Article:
uPAR has been demonstrated to mediate adhesion of different cell types to VN (Wei et al. 1994; Deng et al. 1996; Sidenius and Blasi 2000). To investigate if uPAR could function as an adhesion receptor in murine fibroblasts, NIH 3T3 cells were transfected with the expression plasmid for human uPAR. The uPAR-transfected NIH 3T3 cells were totally resistant to detachment from serum-coated coverslips with EDTA, whereas control cells were easily detached (Fig. 4 C). In addition, uPAR-expressing cells, but not parental NIH 3T3 cells, were able to attach to these coverslips in the presence of EDTA or the cRGD peptide. The attachment of uPAR-transfected cells in the presence of the cRGD peptide was inhibited by the uPAR R3 antibody that recognizes the uPAR D1 domain.
To investigate whether VN was sufficient to support uPAR-induced protrusions under serum-free conditions, cells in “log phase” were trypsinized, washed extensively in serum-free medium, and replated on either VN- or FN-coated coverslips in the absence of serum. 2 h after replating, the cells were injected with the expression plasmid for human uPAR. Only uPAR-expressing cells plated on VN exhibited protrusive structures that were essentially identical to those seen in the presence of serum, whereas uPAR expression in cells plated on FN did not produce protrusions (Fig. 5A and Fig. B). To determine whether soluble VN could induce a cytoskeletal response through its interaction with uPAR, VN (in the presence of 0.05 mM cRGD) was added back to control and uPAR-injected cells plated on FN. A strong induction of lamellipodia was observed specifically in the uPAR-expressing cells. In contrast to the effect of uPAR expression in cells plated on VN, and thus exposed to a substrate-attached reservoir of the ligand, the effect of soluble VN was transient with a strong response after 5 min of treatment but no effect after 4 h. Short- or long-term treatment with uPA had no observable effect (Fig. 5A and Fig. B; data not shown).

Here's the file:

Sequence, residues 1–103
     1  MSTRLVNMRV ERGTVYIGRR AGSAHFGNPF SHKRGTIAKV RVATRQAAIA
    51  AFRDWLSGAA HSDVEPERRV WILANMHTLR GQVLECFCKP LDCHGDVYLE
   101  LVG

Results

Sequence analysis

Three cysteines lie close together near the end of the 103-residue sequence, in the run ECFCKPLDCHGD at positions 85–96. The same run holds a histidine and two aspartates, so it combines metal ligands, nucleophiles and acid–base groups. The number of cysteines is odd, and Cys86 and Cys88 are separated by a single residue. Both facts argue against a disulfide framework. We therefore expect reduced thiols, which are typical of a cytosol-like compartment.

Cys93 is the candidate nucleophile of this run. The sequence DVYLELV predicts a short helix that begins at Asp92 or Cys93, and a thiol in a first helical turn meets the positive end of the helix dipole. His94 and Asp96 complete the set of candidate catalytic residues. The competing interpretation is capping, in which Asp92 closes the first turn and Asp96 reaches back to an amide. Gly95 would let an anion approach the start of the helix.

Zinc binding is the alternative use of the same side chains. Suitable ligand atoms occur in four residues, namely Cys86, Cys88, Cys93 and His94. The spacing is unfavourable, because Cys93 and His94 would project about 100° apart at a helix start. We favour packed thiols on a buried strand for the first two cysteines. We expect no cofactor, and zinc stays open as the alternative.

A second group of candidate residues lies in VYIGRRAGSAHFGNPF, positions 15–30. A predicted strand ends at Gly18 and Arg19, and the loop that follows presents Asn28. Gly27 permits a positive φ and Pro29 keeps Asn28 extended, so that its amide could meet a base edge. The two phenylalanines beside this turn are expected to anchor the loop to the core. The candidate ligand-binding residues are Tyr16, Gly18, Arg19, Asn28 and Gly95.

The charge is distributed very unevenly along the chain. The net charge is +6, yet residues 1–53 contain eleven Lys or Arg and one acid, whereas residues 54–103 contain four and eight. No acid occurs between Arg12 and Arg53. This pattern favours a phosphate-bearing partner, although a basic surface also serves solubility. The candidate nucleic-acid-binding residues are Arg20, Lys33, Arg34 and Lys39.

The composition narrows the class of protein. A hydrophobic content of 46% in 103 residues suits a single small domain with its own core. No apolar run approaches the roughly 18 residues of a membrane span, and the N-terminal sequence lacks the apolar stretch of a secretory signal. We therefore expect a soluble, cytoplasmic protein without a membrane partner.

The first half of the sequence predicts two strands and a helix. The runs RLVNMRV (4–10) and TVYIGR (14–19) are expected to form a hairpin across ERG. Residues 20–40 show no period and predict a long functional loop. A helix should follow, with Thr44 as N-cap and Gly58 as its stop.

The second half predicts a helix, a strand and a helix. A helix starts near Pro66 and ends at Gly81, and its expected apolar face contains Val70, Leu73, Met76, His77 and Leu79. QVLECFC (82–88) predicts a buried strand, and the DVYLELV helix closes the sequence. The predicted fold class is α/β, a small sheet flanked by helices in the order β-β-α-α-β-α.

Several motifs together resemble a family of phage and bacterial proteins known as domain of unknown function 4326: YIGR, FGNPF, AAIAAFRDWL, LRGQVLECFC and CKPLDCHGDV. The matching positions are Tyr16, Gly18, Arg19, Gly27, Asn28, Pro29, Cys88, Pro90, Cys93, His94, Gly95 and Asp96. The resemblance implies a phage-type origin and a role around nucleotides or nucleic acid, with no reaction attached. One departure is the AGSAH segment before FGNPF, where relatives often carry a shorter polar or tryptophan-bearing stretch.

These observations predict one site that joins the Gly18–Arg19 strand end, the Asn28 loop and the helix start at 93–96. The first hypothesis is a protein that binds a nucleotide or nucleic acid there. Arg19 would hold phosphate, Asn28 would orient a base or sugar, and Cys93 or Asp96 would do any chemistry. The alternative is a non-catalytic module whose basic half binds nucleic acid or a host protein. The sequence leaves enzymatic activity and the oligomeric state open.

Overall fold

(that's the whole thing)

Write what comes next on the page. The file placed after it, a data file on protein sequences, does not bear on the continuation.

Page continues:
Taken together, these results suggest that an interaction between uPAR domain D1 and VN is necessary and sufficient (a) to induce effects on the cytoskeleton in Swiss 3T3 cells and (b) to provide the adhesive force required for protrusions.
Role of Intracellular Signaling Pathways in uPAR Induction of Cytoskeletal Changes
Previous work has implicated pertussis toxin–inhibitable Src activation (Fazioli et al. 1997), PKC activation (Busso et al. 1994; Fibbi et al. 1998; Carriero et al. 1999), or ERK activation (Nguyen et al. 1999) as involved in uPAR-mediated effects on the actin cytoskeleton or cell motility. We tested the effect of pertussis toxin, the Src inhibitor herbimycin A, the PKC inhibitors bisindolylmaleimide I and Gö 6983, or the ERK inhibitors PD98059 and U0126 on the uPAR-induced changes. Herbimycin A treatment by itself induced cytoskeletal changes, making its effect on uPAR-induced changes difficult to interpret. None of the other treatments had any significant effects on the uPAR-induced response, although pertussis toxin did inhibit lysophosphatidic acid–induced ERK activation, bisindolylmaleimide I and Gö6983 inhibited PMA-induced ERK activation, and PD98059 and U0126 inhibited platelet-derived growth factor– and EGF-induced ERK activation (data not shown).